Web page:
General Agreement On Trade In Services Notes

No no. The results of the sectoral negotiations are specific new commitments and/or exemptions for the sector concerned. They are therefore not legally independent of other sectoral obligations and are not different agreements from the GATS. New obligations and exemptions from the MFN were included in existing lists and exception lists in separate GATS protocols. The provision of many services often requires the simultaneous physical presence of the producer and the consumer. There are therefore many cases where, in order to be commercially reasonable, trade obligations must extend to cross-border consumer movements, the establishment of a commercial presence in a market or the temporary free movement of the service provider. The presentation of this report is organized as follows: Section II deals with general principles and obligations, including dispute resolution and institutional rules. Section III analyses, sector by sector, the specific sectoral provisions contained in the annexes, decisions, declarations and understanding. Sections IV and V contain some brief comments on the timing of commitments or the MFN exemption lists.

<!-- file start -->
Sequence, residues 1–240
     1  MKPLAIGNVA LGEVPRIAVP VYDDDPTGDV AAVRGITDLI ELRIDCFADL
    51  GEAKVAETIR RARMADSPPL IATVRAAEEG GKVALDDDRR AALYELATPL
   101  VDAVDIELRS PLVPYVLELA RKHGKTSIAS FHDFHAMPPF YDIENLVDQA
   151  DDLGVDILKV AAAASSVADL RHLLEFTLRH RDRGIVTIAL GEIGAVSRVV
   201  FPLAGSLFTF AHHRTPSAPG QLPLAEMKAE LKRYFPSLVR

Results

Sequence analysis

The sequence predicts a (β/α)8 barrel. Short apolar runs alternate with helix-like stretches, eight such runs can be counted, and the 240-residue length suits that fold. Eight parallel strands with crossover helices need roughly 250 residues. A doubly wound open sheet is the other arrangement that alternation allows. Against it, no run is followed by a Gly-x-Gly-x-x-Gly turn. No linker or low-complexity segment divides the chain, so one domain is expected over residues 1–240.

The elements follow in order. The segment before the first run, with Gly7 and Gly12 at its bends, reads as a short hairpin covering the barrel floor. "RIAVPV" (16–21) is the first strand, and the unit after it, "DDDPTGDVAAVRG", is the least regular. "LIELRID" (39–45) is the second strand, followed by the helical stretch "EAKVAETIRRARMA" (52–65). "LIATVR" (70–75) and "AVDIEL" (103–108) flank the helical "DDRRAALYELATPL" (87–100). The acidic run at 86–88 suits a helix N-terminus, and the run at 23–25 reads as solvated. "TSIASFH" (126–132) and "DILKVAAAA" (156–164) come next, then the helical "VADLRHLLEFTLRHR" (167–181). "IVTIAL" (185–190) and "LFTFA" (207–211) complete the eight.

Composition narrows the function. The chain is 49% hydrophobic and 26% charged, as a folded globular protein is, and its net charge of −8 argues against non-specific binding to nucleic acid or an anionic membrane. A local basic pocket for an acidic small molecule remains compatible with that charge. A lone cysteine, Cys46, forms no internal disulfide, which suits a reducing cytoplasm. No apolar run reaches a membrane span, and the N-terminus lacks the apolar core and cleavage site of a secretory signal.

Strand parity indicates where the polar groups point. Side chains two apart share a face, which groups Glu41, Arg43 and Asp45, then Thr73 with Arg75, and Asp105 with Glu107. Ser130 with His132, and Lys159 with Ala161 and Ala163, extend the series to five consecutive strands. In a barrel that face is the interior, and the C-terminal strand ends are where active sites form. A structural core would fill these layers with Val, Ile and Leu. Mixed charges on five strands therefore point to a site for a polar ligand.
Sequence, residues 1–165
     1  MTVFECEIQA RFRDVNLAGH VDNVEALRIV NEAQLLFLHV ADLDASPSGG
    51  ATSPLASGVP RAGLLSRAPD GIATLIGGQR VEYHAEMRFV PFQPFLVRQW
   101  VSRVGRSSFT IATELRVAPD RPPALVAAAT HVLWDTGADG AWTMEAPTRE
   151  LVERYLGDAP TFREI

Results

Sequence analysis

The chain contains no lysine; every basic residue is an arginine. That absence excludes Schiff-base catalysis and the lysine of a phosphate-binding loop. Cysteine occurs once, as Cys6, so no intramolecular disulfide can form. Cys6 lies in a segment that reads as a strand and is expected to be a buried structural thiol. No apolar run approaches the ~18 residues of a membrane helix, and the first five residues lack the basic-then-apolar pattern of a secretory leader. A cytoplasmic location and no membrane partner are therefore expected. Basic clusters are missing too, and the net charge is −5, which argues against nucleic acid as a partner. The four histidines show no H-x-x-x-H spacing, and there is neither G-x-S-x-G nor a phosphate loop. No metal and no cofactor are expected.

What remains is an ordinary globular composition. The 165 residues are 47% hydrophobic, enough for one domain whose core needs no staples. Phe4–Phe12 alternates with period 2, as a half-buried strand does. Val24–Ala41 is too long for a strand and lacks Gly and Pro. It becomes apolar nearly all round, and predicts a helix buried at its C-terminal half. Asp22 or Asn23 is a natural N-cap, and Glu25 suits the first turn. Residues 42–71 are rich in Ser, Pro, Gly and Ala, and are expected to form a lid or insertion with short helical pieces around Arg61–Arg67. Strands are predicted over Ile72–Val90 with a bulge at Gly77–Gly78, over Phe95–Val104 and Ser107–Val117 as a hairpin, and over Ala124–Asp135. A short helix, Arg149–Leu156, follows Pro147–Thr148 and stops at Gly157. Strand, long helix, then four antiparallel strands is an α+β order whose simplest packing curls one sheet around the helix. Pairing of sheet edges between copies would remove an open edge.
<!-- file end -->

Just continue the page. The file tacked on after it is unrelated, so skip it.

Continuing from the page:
While the concept of progressive liberalisation is one of the fundamental principles of the GATS, Article XIX provides that liberalisation takes place in accordance with national political objectives and the level of development of members, both in the various sectors and in the various sectors. Developing countries will thus have flexibility to open fewer sectors, liberalize fewer types of transactions and gradually expand market access depending on their development situation. Other provisions ensure that developing countries have greater flexibility in implementing the policy of economic integration, maintaining constraints on the reasons for the balance of payments and determining access and use of their telecommunications networks and services. In addition, developing countries are entitled to technical assistance from the WTO secretariat. The GATS, like all other Uruguay Round agreements, is an annex to the World Trade Organization (WTO) agreement. It therefore does not have its own signing and ratification process, but will come into force at the same time as the WTO agreement and all other annexes. There is no opt-out of the GATS: those who want to take advantage of the other elements of the Uruguay cycle must also respect the GATS. While services currently account for more than two-thirds of world output and employment, they account for no more than 25% of total trade, as measured by the balance of payments.